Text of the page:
September 26, 2012; Atlanta, GA, USA; Miami Marlins starting pitcherJosh Johnson
(55) pitches in the first inning against the Atlanta Braves at Turner Field. Mandatory Credit: Daniel Shirey-US PRESSWIRE
Any critics of Alex Anthopoulos and his lackluster winter affairs can quietly back down now. In what may very well be the biggest trade of the 2012 offseason, the Toronto Blue Jays trade Yunel Escobar, Adeiny Hechavarria, Jeff Mathis, Henderson Alvarez, Jake Marisnick, Anthony DeSclafani and Justin Nicolino to the Miami Marlins in exchange for Josh Johnson, Mark Buehrle, Jose Reyes, John Buck, Emilio Bonifacio and $4M in cash, pending league approval. In terms of raw dollars in contractual obligations, Toronto will be on the hook for around $43M in 2013 payroll and $163.75M in obligations over several players’ years going forward and 2 years of Bonifacio control, while Miami will receive $10.25M in 2013 contract obligations with 2 optional $5M years for Yunel, 2 years plus an option year for Mathis, 5 more years (with 2 years of league minimum) of Henderson Alvarez control, 6 more years of Hechavarria control, and full control over prospects Marisnick, Nicolino and DeSclafani.
What does this mean for the state of the Toronto Blue Jays franchise? It means that they no longer have a need to improve their starting rotation, which looks to be a tantalizing five consisting of JJ/Morrow/Buehrle/Happ/Romero, not necessarily in that order. Toronto also reacquires John Buck, who is familiar with all possible starters with the exception of J.A. Happ. With so many catchers in the Blue Jays system, it may very well be possible that Alex Anthopoulos will make another trade in the near future, but that is complete speculation at this point. Reyes might finally prove to be Toronto’s first true leadoff bat with a player known for his speed and on base abilities. Finally, Bonifacio will provide options on both the Jays infield and outfield, spending time at most positions with the exception of first base, catcher and pitcher. There are some injury concerns with Johnson, Bonifacio and Reyes however, but the Blue Jays do have young options in prospects and currently injured players that could return and fill in the roster. The Blue Jays have really acquired depth in this trade.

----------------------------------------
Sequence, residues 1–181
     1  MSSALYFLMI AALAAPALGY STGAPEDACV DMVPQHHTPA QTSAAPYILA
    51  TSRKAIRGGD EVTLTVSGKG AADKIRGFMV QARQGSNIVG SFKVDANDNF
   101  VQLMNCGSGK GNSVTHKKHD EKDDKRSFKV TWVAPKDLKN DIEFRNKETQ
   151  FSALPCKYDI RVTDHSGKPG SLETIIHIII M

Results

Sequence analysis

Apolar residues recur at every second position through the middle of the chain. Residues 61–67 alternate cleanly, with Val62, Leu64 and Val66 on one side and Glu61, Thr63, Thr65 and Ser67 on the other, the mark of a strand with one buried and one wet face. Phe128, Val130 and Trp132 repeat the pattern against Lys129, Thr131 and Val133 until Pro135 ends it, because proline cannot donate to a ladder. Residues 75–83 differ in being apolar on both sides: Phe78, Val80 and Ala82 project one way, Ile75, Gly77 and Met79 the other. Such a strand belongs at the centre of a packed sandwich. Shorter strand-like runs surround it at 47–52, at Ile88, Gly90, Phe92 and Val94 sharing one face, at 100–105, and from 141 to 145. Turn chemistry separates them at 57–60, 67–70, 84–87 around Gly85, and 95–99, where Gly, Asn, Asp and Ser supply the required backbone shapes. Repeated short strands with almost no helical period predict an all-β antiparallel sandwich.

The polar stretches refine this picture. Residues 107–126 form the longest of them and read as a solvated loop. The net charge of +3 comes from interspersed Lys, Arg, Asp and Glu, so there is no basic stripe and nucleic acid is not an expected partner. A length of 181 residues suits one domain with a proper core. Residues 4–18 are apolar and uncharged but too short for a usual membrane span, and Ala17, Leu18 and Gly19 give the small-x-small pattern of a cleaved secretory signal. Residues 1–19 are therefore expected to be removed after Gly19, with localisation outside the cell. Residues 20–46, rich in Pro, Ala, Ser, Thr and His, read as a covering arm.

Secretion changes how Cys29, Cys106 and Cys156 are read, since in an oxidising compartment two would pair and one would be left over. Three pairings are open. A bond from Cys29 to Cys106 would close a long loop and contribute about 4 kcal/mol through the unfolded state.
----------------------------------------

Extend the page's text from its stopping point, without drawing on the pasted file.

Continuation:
In contrast Miami completes what is commonly known as a “Marlins fire sale”, which tradition states they get rid of all their big contracts in return for young hopefuls who look to be pushed to the Majors sooner rather than later. Their relatively cheap pickups that are already major leaguers include their possible future infield in Escobar and Hechavarria, which they will be able to maintain for many years to come. In addition, they will add outfield and pitching depth with prospects Marisnick and Nicolino, respectively. Finally, they get a reliable cheap catching option in Mathis, who can perform well in limited play time.
Most importantly, Toronto will retain the biggest farm system prospects in Travis d’Arnaud, Aaron Sanchez, Noah Syndergaard and Robert Osuna, among others. The Blue Jays, in one move, went from question mark to possible contender in the 2013 season, spending a lot of money that Rogers has made available. While there are still questions left concerning 1B/DH roles and getting a solid left fielder, the team looks a lot stronger than they did before completing the trade. And with such a bold transaction, expect potential mangers to come flooding out of the woodwork.
It is an exciting time to be a Blue Jays fan once again.